There are essentially three types of finance source available to assist in business purchase finance and/or development. These are the Clearing Banks (Barclays, NatWest, HSBC, etc.), the Finance Houses/Centralized Bank, and finally the Building Societies.
Banks and Finance Houses expect repayment in 10/15/20 years on freeholds with Building Societies being prepared to consider up to 25 years. Leasehold loans are usually available only from Banks and are also usually restricted to a maximum of 10 years or two thirds of the unexpired period of the lease.
Once again, these vary enormously with Banks charging from 1.5% above their base rate, Finance Houses from 2.5% above their base rate and Building Societies usually requiring an extra 1% or 2% above their normal 'house mortgage' rate. Each case is treated on its merits and you are likely to be offered a much more attractive rate if you are not seeking either a maximum loan and/or the maximum repayment period.
These vary from source to source and at the moment, where the business being purchased is the only security being offered, freehold loans can be considered usually up to an absolute maximum of 100% of the bricks and mortar value, subject to repay-ability. We do have lenders that will alternatively lend up to a maximum of 70% of the purchase price (bricks and mortar, goodwill and fixtures and fittings), excluding stock, regardless of the freehold value; and other lenders that will lend up to 75% or even 80% of the total purchase price, excluding stock, so long as it does not exceed 100% of the bricks and mortar value. The ability to repay the loan is, of course, essential.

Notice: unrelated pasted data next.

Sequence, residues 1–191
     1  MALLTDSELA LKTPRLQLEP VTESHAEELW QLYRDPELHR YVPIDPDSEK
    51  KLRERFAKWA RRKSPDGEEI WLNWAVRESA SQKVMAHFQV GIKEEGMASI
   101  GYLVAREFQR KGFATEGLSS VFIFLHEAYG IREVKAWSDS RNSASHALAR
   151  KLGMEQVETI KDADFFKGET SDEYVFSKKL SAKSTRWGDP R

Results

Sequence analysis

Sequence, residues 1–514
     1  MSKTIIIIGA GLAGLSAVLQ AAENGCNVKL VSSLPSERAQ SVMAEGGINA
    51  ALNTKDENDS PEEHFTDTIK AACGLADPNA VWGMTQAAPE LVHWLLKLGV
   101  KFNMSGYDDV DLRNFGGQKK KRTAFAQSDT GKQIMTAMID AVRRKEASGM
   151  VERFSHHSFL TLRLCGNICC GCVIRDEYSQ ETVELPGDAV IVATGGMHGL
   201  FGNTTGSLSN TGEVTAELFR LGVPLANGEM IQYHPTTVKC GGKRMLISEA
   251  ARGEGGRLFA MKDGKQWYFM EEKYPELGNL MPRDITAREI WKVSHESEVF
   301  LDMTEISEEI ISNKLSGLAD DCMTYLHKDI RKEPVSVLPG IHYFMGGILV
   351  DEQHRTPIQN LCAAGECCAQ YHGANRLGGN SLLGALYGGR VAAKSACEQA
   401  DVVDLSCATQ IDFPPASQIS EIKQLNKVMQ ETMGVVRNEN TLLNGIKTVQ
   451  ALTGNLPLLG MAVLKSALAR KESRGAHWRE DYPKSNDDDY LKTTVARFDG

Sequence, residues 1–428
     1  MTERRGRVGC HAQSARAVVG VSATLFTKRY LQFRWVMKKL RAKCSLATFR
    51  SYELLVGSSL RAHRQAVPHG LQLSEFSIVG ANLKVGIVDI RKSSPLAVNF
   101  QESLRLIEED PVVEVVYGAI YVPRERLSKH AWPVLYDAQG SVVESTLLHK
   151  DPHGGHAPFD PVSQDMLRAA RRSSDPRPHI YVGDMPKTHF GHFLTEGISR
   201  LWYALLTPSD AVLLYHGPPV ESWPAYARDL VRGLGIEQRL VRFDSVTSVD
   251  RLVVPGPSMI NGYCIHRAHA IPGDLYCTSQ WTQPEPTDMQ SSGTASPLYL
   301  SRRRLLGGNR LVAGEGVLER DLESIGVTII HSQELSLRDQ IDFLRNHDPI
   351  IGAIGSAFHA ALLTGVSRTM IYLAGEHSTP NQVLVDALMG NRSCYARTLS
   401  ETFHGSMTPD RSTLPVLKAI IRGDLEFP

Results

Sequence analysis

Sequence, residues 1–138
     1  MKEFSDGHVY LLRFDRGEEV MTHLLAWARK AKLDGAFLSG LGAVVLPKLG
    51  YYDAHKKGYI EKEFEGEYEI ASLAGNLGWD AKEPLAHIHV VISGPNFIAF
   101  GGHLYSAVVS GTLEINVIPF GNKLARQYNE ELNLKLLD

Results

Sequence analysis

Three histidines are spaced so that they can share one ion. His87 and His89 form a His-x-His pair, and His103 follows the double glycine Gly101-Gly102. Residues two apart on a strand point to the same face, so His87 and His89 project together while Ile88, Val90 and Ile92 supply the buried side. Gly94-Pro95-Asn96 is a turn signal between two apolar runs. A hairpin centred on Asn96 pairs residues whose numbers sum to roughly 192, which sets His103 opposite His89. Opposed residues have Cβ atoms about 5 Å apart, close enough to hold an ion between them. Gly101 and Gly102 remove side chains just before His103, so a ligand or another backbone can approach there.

Leasehold loans are normally restricted to an absolute maximum of 60% of the purchase price (excluding stock). Leasehold property should have accommodation for such percentages to be considered. If the premises have no living accommodation (known as 'lock up'), the maximum advance is likely to be 50% of the purchase price; only a few sources are prepared to consider advances on 'lock up' businesses.
100% loans are possible, however, with additional 'outside security' (see below).
Outside Security and Income:
The availability of outside security can increase lending beyond the parameters outlined but the additional security being offered must be considered adequate. Each loan must be repayable from the profits generated by the business and not be reliant on the outside income, the latter being considered only as a bonus.
Structured Loans and Overdrafts:
Your total requirement must be considered very carefully on the basis that it may be prudent to organise only a percentage of the total requirement on a structured loan basis (i.e. subject to regular monthly repayments) with the balance then being provided by way of an overdraft.
Attitudes vary, but you should really only allow sufficient overdraft within your funding that can be adequately repaid within a 3 to 6 month period. Overdrafts that persist beyond this period of time should really have been included in the structured lending. Great care should therefore be exercised in your choice of arrangements.